SAFA in crisis - ministry

2013-04-16 18:55
SAFA logo (File)

Johannesburg - The SA Football Association (SAFA has been on a downward spiral since the 2010 FIFA World Cup, the government and South Africa's highest sporting body said on Tuesday.

In a joint statement, the sports ministry and SA Sports Confederation and Olympic Committee (SASCOC) said they had offered SAFA "unwavering support" in recent years, but the football body was in crisis.

"SAFA has been making headlines for all the wrong reasons," they said.

"Football loving South Africans have been exposed to diatribes and serious allegations."

A long list of allegations included match-fixing, inappropriate use and disbursement of the FIFA legacy trust funds, and corruption, highlighted in an anonymous document dropped off at SASCOC's office in Johannesburg.

A KPMG report into SAFA's finances also revealed the football body was R92m in the red and on the brink of bankruptcy.

"Over and above the aforementioned allegations, there have been tensions protracted and perennial problems of mishandling leadership and management disputes.

"These played themselves out on the eve of our hosting the Africa Cup of Nations (earlier this year). It took our intervention as the ministry of sport and recreation and SASCOC to request the SAFA leadership to desist from engaging in public spats or making pronouncements that will bring the name of football into disrepute."

Sports Minister Fikile Mbalula and SAFA president Kirsten Nematandani travelled to Zurich earlier this month to assure global body FIFA that the South African government was not interfering with soccer in the country.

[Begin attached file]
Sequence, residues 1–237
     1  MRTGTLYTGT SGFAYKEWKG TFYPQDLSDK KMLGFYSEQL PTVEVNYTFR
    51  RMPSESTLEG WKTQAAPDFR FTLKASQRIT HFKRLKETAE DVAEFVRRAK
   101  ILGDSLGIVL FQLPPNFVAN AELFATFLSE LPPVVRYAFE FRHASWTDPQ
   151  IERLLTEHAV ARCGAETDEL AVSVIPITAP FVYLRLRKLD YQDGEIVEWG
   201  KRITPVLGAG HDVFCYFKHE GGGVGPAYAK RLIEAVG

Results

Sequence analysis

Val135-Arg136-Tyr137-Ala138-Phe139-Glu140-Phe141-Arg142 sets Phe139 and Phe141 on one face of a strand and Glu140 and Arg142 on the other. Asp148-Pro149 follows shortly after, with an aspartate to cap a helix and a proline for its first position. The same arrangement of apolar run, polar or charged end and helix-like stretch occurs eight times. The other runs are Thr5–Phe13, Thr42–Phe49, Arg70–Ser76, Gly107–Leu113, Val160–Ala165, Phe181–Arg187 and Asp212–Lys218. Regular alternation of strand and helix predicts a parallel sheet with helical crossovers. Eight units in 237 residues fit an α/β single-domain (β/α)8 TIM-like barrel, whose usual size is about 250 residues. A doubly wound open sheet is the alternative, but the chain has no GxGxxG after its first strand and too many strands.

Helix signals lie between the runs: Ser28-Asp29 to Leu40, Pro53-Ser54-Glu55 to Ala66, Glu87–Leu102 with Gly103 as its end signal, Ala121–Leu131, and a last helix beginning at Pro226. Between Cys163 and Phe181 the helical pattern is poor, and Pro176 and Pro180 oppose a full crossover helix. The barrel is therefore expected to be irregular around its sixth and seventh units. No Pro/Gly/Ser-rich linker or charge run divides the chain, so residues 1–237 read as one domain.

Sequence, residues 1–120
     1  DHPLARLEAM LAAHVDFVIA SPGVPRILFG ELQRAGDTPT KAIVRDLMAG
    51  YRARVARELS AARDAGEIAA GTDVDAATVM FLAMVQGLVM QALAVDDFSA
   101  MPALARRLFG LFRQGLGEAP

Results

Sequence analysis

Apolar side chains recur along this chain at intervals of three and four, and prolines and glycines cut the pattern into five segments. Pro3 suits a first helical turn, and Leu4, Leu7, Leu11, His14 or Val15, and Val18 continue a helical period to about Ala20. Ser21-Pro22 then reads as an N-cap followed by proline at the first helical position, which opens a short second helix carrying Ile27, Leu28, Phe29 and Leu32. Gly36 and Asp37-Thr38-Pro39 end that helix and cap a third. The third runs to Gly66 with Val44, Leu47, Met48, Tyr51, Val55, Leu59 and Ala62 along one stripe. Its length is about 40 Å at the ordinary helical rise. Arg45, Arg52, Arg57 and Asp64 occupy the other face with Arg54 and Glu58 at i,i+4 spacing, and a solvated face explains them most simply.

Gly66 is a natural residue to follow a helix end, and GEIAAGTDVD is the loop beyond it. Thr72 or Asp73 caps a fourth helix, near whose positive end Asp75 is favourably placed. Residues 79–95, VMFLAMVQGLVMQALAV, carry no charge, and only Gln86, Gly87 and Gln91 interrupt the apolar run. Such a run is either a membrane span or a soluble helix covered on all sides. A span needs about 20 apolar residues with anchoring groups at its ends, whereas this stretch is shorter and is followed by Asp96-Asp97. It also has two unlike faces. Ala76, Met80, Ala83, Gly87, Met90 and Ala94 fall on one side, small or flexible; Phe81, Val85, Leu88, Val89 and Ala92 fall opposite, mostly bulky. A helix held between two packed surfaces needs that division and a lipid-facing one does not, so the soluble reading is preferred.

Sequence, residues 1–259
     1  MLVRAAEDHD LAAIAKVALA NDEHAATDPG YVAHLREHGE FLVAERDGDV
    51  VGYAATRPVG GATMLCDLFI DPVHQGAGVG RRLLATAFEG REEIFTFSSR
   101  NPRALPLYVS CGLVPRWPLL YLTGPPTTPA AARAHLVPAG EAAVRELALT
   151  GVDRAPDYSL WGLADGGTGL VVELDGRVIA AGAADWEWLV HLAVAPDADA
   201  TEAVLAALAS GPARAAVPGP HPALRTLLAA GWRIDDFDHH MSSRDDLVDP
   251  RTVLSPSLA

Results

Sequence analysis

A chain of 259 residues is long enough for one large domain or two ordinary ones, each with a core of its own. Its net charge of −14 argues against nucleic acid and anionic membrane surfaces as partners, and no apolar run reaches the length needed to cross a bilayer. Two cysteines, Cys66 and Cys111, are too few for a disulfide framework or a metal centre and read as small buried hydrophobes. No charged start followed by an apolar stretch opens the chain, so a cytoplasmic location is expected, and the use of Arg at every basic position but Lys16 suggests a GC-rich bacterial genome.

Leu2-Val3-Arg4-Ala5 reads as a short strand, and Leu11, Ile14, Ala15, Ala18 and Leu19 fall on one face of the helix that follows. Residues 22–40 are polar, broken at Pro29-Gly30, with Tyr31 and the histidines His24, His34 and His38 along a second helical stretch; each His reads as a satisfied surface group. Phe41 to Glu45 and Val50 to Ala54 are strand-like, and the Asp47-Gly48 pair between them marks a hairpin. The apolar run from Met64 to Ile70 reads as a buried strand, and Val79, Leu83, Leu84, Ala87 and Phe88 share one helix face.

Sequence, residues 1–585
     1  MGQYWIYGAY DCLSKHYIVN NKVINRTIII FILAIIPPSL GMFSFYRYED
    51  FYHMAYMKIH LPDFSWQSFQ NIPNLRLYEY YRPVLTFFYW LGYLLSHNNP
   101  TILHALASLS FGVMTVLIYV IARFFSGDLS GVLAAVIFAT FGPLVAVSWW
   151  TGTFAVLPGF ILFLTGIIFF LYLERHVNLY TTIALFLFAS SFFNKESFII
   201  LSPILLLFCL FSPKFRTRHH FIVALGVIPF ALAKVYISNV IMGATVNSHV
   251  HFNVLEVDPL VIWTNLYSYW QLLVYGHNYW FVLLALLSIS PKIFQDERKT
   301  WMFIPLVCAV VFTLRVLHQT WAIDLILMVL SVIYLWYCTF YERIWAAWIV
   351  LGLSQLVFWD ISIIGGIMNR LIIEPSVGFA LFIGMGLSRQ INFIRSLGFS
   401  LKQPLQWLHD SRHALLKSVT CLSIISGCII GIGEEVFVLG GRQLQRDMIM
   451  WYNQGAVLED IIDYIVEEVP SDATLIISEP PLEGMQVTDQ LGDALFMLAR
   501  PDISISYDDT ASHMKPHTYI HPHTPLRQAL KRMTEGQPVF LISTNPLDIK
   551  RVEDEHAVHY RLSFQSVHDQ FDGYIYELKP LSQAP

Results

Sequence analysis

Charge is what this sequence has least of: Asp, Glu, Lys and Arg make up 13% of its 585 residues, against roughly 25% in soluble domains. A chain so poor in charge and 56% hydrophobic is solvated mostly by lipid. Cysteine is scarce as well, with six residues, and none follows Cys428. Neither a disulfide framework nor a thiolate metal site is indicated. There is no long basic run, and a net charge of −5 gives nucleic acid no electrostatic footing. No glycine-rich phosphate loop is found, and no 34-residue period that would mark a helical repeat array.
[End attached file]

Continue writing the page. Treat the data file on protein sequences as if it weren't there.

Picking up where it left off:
"The minister travelled to FIFA to clarify that there was no interference and no intentions to interfere. The ministry and SASCOC’s involvement was by SAFA’s invitation.

"Secondly, in terms of our legislation as a sovereign government that promulgates laws for the establishment of the confederation, federations and other sports bodies, we are empowered by the same laws to intervene in reported instances of maladministration and mismanagement.

"We indicated that in terms of our laws match-fixing/match manipulation and financial mismanagement are considered as acts of criminality."

The sports ministry confirmed in the first week of April that a judicial inquiry would be conducted into allegations of match fixing during 2010 World Cup warm-up matches.

SAFA had wanted an independent inquiry to investigate the alleged corruption.

"Going forward the matter is in the hands of the South African government and we will consider it, taking into account the merits and demerits of each proposal to us," the ministry and SASCOC said.

"We do not expect any comments on the matter until the government has pronounced on the course of action to be taken concerning SAFA."

Read more on:    safa  |  sascoc  |  fikile mbalula  |  soccer

What To Read Next


Read News24’s Comments Policy publishes all comments posted on articles provided that they adhere to our Comments Policy. Should you wish to report a comment for editorial review, please do so by clicking the 'Report Comment' button to the right of each comment.

Comment on this story
Comments have been closed for this article.
Live Video Streaming
Video Highlights
Sport Talk

Live scoring

Love 2 Meet
English Premiership flutter

Take Sport24's "expert" tips at your peril...

Sport24 on Twitter

Follow Sport24 news on Twitter


The 2017/18 Absa Premiership season is under way. Can Bidvest Wits defend their title? Will Soweto giants Kaizer Chiefs or Orlando Pirates emerge victorious? Or will the bookies' favourites, Mamelodi Sundowns, taste success for a record eighth time? Stay glued to Sport24 to find out!

Latest blogs

Do you think SAFA made the right choice in appointing Stuart Baxter as head coach of Bafana Bafana?

Twitter Follow Sport24 on Twitter

Facebook "Like" Sport24's Facebook page

WIN Enter and win with Sport24!

BlackBerry Stay in the loop on your BlackBerry

RSS Feeds Sport news delivered really simply.

There are new stories on the homepage. Click here to see them.